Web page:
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Supporting Your Loved One During the Holiday Season

For many people, the holiday season is a source of great joy. It often provides a time for socializing, celebration, and reunion, and instills happiness. Often for those who have eating disorders, this can be a particularly stressful and dreaded time of year. The following are suggestions from your loved ones and clinical professionals as to how to help your loved one this holiday season.

  1. Ensure that your primary focus is not on the food but rather on family and the time you’re spending together.
  2. Let go of expectations. Sometimes family traditions involve a lot of food, or you might have expectations that your loved one might not be able to commit to at this point in time. Allow yourself to let go of expectations, and meet your loved one where they are. By letting go of expectations, you free yourself up to enjoy your loved one and all they are capable of. More than anything else, it can be beneficial to express warmth, kindness, and acceptance toward your loved one.
  3. Don’t feel responsible or guilty for the eating disorder. Eating disorders are complex illnesses that are not caused by a person, a relationship, or a failure on your part.
  4. Validate feelings. Do your best to support your loved one with their feelings, even if you don’t understand them.
  5. Create new traditions! Allow for other activities that your loved one can fully participate in. Try your hand at singing carols, playing board games, doing a white elephant gift exchange, decorating, volunteering, etc.
  6. Know what to say. Have a conversation with your loved one about how best to support them. Some may want your support, while others may want to advocate for themselves. By engaging in healthy communication with your loved one, you can eliminate in-the-moment stress on both sides.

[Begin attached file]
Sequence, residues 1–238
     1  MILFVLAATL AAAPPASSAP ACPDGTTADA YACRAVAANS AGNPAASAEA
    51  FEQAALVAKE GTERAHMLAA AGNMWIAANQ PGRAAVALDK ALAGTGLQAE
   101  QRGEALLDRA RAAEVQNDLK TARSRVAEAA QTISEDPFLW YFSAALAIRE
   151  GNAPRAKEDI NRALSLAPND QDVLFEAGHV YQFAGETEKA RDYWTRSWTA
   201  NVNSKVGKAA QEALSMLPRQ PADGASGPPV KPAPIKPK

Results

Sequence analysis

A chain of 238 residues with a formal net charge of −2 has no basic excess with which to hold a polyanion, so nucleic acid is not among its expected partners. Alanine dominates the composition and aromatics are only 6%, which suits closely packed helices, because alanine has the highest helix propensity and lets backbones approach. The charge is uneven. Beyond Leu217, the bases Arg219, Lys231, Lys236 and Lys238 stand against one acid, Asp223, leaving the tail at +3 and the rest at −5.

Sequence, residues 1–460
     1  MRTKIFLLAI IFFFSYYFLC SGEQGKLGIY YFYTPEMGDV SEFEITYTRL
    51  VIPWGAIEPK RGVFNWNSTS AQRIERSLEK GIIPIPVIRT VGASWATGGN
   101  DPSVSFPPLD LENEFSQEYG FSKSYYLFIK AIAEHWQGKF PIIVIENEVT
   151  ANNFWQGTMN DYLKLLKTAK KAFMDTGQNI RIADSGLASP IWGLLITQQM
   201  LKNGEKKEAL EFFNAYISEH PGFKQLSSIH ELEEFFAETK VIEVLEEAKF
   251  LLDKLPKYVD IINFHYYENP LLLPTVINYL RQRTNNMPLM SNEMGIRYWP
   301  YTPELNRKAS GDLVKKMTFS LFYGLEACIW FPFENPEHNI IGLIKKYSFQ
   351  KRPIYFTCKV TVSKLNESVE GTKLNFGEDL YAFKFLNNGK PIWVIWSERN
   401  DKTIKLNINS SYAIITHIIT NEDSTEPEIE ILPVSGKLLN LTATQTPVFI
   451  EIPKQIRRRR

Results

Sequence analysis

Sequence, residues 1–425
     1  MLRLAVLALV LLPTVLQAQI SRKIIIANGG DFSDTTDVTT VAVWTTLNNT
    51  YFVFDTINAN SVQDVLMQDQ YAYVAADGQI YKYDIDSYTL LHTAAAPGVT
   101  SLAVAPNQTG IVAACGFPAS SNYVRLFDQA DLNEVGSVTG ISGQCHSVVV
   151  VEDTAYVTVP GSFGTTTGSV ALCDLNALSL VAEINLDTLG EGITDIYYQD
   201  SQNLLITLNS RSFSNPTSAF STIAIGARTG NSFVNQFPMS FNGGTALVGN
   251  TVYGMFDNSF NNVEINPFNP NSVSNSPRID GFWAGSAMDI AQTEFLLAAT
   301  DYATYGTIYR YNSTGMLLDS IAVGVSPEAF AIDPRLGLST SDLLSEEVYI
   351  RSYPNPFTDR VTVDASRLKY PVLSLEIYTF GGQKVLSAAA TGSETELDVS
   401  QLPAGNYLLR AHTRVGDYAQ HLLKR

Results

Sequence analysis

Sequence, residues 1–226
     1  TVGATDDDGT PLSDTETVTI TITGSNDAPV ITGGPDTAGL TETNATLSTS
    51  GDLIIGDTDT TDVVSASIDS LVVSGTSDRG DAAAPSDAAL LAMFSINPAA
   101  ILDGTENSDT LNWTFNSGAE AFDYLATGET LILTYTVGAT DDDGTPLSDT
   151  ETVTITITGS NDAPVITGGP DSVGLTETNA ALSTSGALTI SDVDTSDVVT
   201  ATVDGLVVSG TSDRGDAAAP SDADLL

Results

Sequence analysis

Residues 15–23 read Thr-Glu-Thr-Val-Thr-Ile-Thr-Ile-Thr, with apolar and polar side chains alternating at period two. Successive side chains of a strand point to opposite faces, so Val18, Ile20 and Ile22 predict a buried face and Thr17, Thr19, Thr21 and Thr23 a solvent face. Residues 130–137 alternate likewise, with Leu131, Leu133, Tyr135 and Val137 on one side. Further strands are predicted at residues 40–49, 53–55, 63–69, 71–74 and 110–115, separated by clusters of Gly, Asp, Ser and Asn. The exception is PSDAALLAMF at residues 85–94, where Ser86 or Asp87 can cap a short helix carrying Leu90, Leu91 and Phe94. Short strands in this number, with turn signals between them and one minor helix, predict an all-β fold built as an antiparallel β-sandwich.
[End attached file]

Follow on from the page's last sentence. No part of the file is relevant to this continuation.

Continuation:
7. Offer caregiving and not caretaking. Taking on the role of nurse, doctor, dietitian, or detective takes you out of your most important role: loved one. It is not your job to fix or solve the eating disorder. If your loved one knows that your heart is on their side, you can become a source of comfort, support, and safety along this journey.
  8. Keep conversations focused on topics other than treatment, body, weight, exercise, etc., particularly during meals.
  9. Trust your instincts and be you. Your loved ones know when you’re walking on eggshells. If you become hyperfocused on everything being OK, or acting like things are fine, you can unintentionally increase expectations that can make your loved ones feel they have failed.
  10. Remember that “the struggle is real.” Eating disorders are serious medical and psychiatric illnesses that your loved ones aren’t choosing and YOU did not cause. Even though you may not understand the significance of your loved one’s struggle, recognizing that they ARE struggling and fighting this illness can help them to feel validated, supported, and able to receive the support you are offering.

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